Controlling condensation in flats

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By Alan Draper | Jun 2020

Condensation can be controlled by a combination of heating, ventilation, insulation and reducing the production of water vapour.

Steps to reduce condensation:
Trickle vents to the windows should be left open.
The tenant should avoid drying clothes in the flat as far as possible, if there is no other option then clothes should be dried in one room with the door closed and window open.
Production of water vapour can also be reduced by covering pots when cooking, opening the bathroom window after the bath or shower have been used, opening bedroom windows in the morning to remove moisture from normal human respiration.
Where the walls are marked with mould they can be washed down with a dilute bleach solution. This will help to control mould growth but will not affect condensation.
A dehumidifier can be used to remove moisture but this is not a satisfactory long-term solution as it only deals with the symptom rather than the cause of the problem.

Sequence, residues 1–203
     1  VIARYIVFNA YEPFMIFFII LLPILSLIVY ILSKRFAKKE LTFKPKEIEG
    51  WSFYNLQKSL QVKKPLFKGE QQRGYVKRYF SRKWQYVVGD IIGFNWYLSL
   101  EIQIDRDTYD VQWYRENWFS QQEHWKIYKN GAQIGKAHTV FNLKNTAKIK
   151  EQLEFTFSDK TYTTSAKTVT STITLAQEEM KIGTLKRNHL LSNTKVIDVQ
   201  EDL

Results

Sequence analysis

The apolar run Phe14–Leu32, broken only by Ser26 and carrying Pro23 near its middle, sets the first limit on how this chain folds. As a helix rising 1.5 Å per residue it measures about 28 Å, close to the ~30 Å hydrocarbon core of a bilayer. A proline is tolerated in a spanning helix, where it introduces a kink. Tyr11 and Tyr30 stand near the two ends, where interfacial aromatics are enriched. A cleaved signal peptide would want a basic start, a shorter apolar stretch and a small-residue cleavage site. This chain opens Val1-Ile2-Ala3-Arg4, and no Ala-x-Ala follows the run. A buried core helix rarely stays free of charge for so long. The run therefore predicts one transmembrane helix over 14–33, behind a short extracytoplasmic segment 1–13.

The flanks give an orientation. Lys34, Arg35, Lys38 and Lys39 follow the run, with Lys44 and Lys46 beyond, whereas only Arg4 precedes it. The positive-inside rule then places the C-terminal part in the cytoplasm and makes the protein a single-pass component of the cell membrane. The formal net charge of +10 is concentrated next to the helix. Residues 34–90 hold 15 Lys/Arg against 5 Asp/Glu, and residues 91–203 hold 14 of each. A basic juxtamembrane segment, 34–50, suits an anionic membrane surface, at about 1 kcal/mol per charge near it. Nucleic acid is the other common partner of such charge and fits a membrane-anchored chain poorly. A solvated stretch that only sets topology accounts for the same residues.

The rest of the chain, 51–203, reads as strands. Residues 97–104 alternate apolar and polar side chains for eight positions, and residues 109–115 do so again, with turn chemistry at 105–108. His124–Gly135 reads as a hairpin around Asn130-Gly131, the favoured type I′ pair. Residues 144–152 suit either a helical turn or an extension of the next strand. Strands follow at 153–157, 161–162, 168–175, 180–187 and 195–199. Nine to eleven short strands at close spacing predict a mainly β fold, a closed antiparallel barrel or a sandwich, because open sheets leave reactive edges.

Minimising condensation
Install additional insulation in the roof space – a total of 470mm of fibreglass quilt is required to meet current standards (about 100mm to 150mm at present). Adding insulation in the roof increases the risk of condensation in the unheated roof space so designed ventilation should be provided for the roof.
Install cavity insulation in the external walls.
Improve draught stripping around the loft hatch.
Install extractor fans in the kitchen and bathroom. Fans operated automatically by humidistats are to be preferred.

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